He did. He rang me up and said, “My next project is putting Inspector Morse on the stage.” I said, “Who’s playing Morse?” He said, “Well, I’m hoping you are.” Which was rather delightful, really! I thought I’d had my time playing iconic roles on television, albeit this one is on the stage. But it was, I suppose, the flagship series for ITV just asDoctor Who was the flagship series for the BBC.
Were you a fan of ‘Morse’, either the series or the books?
Well I certainly watched it. In fact two Christmases ago I bought my wife the box set, which as soon as I was cast in the part I steered away from, because I didn’t want to be influenced by John’s performance. So what I did do was go back and read the books, which are fantastic.
The reviews of ‘House of Ghosts’ all say you bring something fresh and original to the part of Morse. Is that because you went back to the books?
I’m sure that is part of it. People have been very kind. It’s very nice. I’m finding it a great role to play. It’s very demanding, because as you can imagine, in a play about Inspector Morse he’s on stage quite a lot (laughs). He gets it wrong a few times before he gets it right.
If I can ask you about your other iconic role…?
Indeed you can.
My earliest memory of ‘Doctor Who’ is of Peter Davison’s last season, which was a nice, bright, fun sci-fi show. When you took over ‘Doctor Who’ became a much darker and more sinister series, and it started giving me nightmares. Did you influence the darker tone at all?
No, I had zero input into the content. I was cast and then the scripts arrived. I think it was because two or three of the writers at that time, Robert Holmes and Philip Martin and people like that had those scripts bubbling around in their heads. Perhaps it was a sign of the times, I don’t know. I haven’t seen too many of Peter Davison’s stories so I can’t make a comparison as to whether my stories were darker or not. Certainly my Doctor was less easily accessible than Peter’s Doctor, who was kind of young and fresh and preppy; whereas I was a little less accessible initially. That was a decision by the producer and the writers. The fact that this thing called regeneration, where one person turns into another – when Peter became the Doctor it left him weak and he had to be carried around for two or three episodes because he was completely debilitated by the process. With me, they decided it would make me manic and behave in an unpredictable way; which was quite brave to hit the ground running; but running in fragmented directions. I had one story at the end of Peter’s last season, and then viewers had to wait several months for the show to come back, so the audience was left thinking, “Who is this awful person” (laughs) which is brave, and perhaps too brave, I don’t know.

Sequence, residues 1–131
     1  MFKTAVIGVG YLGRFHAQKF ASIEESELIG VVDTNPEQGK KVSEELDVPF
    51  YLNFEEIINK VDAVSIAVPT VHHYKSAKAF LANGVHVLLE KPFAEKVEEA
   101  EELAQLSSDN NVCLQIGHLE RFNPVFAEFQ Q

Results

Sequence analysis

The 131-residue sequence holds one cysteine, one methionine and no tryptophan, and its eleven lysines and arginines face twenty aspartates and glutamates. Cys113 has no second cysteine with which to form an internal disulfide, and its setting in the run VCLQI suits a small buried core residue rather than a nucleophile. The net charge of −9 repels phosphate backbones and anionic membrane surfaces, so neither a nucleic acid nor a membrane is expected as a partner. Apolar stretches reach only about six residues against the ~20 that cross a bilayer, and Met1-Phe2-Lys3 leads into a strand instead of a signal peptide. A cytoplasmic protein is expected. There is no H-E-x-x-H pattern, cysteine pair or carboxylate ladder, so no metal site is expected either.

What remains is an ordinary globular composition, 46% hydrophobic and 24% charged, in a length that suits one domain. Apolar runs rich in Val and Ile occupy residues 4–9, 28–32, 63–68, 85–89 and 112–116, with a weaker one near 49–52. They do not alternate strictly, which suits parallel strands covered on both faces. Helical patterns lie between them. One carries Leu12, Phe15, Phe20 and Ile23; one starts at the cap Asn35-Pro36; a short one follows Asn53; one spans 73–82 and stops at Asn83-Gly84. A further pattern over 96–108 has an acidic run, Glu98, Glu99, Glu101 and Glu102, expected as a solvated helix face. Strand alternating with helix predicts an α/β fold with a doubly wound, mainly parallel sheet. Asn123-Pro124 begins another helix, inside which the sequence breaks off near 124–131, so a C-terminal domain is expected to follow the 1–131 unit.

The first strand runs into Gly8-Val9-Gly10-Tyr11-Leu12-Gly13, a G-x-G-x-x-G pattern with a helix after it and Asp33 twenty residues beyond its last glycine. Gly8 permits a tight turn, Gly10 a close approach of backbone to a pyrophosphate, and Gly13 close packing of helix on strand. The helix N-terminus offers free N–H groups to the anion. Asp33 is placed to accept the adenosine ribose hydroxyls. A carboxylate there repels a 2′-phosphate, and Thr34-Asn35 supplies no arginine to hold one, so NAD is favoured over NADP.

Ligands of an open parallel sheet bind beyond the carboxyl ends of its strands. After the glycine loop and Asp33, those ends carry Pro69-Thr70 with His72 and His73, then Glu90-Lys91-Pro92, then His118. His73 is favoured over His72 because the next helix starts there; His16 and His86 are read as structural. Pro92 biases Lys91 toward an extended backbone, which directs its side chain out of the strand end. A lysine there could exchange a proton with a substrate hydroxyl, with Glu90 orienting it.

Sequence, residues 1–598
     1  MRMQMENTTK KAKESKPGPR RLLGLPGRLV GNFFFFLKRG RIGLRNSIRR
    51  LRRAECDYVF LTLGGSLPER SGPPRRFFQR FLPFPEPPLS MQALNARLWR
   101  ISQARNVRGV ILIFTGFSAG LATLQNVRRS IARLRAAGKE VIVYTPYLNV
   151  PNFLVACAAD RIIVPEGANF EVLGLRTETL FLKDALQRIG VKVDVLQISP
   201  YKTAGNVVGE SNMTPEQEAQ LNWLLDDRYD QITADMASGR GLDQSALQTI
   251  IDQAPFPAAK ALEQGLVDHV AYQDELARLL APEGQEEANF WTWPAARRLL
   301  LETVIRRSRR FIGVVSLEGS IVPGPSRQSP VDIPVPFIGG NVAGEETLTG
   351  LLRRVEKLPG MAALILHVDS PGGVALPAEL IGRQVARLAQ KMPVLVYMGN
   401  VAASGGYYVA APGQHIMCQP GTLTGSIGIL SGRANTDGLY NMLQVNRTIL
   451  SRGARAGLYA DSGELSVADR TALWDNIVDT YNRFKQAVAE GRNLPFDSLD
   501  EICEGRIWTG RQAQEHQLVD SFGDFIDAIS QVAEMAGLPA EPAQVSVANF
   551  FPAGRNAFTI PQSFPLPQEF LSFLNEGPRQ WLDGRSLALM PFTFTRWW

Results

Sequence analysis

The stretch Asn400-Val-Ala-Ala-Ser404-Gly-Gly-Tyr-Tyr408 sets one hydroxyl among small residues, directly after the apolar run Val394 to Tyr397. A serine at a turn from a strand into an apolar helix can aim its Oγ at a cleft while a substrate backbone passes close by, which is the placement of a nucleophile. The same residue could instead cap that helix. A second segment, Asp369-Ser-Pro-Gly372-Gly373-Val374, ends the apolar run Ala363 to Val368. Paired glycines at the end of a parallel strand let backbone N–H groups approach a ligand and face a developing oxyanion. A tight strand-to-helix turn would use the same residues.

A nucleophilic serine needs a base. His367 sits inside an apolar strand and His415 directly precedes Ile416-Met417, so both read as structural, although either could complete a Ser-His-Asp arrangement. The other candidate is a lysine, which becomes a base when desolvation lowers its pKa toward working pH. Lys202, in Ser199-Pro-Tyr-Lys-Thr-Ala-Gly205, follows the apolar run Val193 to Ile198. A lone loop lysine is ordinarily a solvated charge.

Well I was certainly hooked as a six-year old, which is I guess the best sort of age to be watching.
But it was a massive part of my childhood.
I’m sorry about the nightmares! (Laughs)
Well, no! It did have that effect. ‘Vengeance on Varos’ in particular. But I loved it. I wouldn’t miss an episode for anything, even though it terrified me.
Vengeance on Varos is the one most people quote as pushing the bounds of darkness. The script was written as a parody of itself in a way. It was about television being used to control the population, and that that was a bad thing. But some viewers, particularly people like Mary Whitehouse, didn’t get it. In fact what the programme was saying is “this is bad”, and showing violence on television is bad, and that’s what was happening on Varos; but she took it as happening in England! (Laughs)
It was very prescient too, of things like reality TV and ‘Big Brother’. Philip Martin was a very high calibre writer.
It still stands up now as a very good piece of drama.
I agree. He did a brilliant series, a thriller based in Birmingham called Gangsters, which was phenomenal.
Maurice Colbourne was in that.